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Tue July 9, 2013
Shots - Health News

Treating The 'Body And Soul' In A Russian TB Prison

Originally published on Tue July 9, 2013 5:41 am

Igor Davydenko is rail-thin with dark circles under his eyes. He has a haunted look, reinforced by black prison overalls with reflective tape on the shoulders and cuffs.

Davydenko could be labeled as a loser in many ways. The 31-year-old is a drug addict, serving time for robbery and assault. He's serving his third stretch in a Siberian prison.

But Davydenko is about to become a winner in at least one way. If all goes well, he will soon be declared cured of one of the deadliest forms of tuberculosis.

In the last decade, Russia has found itself contending with new strains of TB that are resistant to many drugs and hard to cure. For years, prisons were considered to be one of the most dangerous pockets of drug-resistant TB in Russia and a source of the disease in the general community. In 2002, more than 79,000 inmates had active TB infections, and drug-resistant forms were present in about 50 percent of chronic cases.

But the Russian prison system has been working to change that. About a decade ago, it got together with the nonprofit Partners in Health and set up a clinic at a Siberian prison specifically aimed at treating tuberculosis among inmates.

The facility is called Medical and Penal Institution Number One. And, against long odds, it's making progress against drug-resistant TB. The rate of infection has dropped seven-fold, and the death rate has fallen to single digits, Alexander Leshchyov, the deputy warden, says.

There's no hiding the fact that Medical and Penal Institution Number One is a prison. It's surrounded by high brick walls, coils of razor wire and watch towers.

But as penitentiaries go, Medical and Penal Institution Number One isn't the worst. There's a bakery, clean dormitories and a small cafe that serves as a visiting area. There's even a theater, where inmate singers are practicing for a yearly talent show with some of the other nearby prisons. In the yard, a warden points out a bas-relief mural, sculpted by an inmate artist.

Inmate Davydenko first came here in 2001 after he contracted TB in another prison. "I was losing weight, had the sweats, coughing — in short, all the symptoms. They found it was TB, and they sent me here," he says.

Prison officials say Davydenko had a typical strain of tuberculosis that responds to normal treatment, and that he was cured by the time his sentence was up in 2002. But Davydenko went back to a life of drugs and crime that quickly landed him back in jail.

When Davydenko came back here, six years ago, the doctors again found TB, which he may have picked up in pretrial detention. The strain was a little worse than the one he had the first time, but it was still susceptible to the most commonly used anti-TB drugs. This time the treatment took a year, and Davydenko was declared cured again but kept under observation, as he served out his term.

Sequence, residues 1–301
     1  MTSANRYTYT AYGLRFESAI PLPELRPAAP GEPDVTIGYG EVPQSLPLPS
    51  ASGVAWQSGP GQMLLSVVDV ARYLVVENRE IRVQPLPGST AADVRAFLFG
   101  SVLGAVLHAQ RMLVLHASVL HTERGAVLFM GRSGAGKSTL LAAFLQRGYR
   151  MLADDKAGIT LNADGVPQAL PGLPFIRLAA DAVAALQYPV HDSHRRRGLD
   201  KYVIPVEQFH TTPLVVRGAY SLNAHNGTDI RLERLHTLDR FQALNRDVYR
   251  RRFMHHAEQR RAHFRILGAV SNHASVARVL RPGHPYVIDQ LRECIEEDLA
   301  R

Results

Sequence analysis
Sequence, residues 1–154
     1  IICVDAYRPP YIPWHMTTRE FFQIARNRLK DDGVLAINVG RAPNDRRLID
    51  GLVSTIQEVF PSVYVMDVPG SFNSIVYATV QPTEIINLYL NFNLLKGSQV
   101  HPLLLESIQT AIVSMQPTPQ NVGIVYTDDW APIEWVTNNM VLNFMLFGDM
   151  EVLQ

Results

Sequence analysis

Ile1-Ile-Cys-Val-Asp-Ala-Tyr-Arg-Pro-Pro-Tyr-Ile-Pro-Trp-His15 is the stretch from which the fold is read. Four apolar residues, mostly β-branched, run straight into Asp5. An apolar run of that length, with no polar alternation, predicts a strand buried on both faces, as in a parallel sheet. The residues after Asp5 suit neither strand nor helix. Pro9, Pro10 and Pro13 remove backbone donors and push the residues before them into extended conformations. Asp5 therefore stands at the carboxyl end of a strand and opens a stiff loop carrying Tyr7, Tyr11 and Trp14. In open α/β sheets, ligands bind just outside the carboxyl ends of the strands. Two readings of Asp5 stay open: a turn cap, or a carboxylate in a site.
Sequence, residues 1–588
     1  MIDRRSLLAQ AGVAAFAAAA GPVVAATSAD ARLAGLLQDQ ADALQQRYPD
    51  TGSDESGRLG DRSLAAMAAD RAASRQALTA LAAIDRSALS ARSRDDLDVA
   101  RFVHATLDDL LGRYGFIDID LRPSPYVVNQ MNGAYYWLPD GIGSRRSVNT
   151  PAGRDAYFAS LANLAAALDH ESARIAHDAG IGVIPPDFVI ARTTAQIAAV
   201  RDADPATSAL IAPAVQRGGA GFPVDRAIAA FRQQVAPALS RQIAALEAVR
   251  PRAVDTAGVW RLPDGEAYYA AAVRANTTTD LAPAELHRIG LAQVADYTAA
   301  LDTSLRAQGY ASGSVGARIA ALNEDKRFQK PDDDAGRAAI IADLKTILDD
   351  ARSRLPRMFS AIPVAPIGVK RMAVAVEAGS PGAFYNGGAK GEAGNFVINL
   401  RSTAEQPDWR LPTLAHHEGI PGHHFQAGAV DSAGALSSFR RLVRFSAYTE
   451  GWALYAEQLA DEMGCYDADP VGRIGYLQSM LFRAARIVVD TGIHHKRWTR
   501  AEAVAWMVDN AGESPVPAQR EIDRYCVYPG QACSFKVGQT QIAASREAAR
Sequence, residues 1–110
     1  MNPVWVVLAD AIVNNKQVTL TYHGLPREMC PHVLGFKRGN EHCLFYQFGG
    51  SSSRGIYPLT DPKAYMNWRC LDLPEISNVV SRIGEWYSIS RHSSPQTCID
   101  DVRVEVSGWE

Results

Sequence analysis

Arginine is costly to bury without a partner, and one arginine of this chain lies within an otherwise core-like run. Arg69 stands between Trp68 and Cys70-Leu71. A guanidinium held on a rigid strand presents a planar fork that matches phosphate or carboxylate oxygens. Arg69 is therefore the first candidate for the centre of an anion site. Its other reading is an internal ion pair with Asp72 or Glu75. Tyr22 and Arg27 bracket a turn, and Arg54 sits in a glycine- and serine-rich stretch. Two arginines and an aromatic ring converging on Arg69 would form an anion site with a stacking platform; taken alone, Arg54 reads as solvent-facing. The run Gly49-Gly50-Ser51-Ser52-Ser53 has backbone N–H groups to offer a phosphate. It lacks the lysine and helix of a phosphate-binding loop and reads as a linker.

But in 2011, a routine scan found TB again. This time it was drug-resistant, and Davydenko faced a longer, more arduous treatment with fierce side effects.

The key to curing TB in prisonsers is getting each patient to take responsibility for his own health, Warden Leshchyov says. That's not easy. "It's a very complicated moment that we call compliance," he says. "It is such a simple thing, but it's incredibly difficult to acquire it."

Davydenko's history — his drug addiction, his crimes, his repeated stints in prison — read like a textbook example of why it's so hard to get someone like him to take care of himself.

The experience of being treated for the disease can have a positive effect on an inmate's rehabilitation, Leshchyov says. "Davydenko is an absolutely creative person," the warden says. "During the treatment there comes a turning point [when] the treatment changes not only the body but a person's soul."

Davydenko agrees that he has come to feel responsible for himself and others. "When you get ill, the responsibility is on you, so that other people don't get sick — your family and neighbors and so on," he says.

Davidenko has been through 17 months of a 20-month treatment, and he says he's feeling better now. He's scheduled to get out of prison in about 2 1/2.

But he seems hesitant to say he's on the path to rehabilitation."You see," he says. "I'm in here for the third time." He wonders if anyone will believe he's changed. "I'm already 31," he says. "I should think about what to do next. I don't know."

Prison officials say they have hopes for Davydenko. They say that inmate patients, who've received the full spectrum of treatment, have a much better chance, not only of recovering their health, but of recovering a productive place in society.

Copyright 2013 NPR. To see more, visit http://www.npr.org/.

Transcript

DAVID GREENE, HOST:

Many parts of the world continue to battle an age-old and relentless enemy - tuberculosis.

RENEE MONTAGNE, HOST:

Nearly 7 million people are sick with TB today. The most recent count of the death toll, 1.4 million people succumbed to the disease in 2011.

GREENE: TB is normally cured with relatively inexpensive drugs but improper use of these drugs has created forms of TB that are resistant to many and sometimes all of the drugs available.

MONTAGNE: Russia is one place that's facing a public health crisis as it contends with drug-resistant tuberculosis, and for years a really dangerous place to be when it comes to TB is in one of Russia's prisons. Plus, when prisoners are released, they can spread TB into the general community.

GREENE: As part of our ongoing series, looking at TB around the world, NPR's Corey Flintoff traveled to a prison hospital in Siberia, and he sent us this report.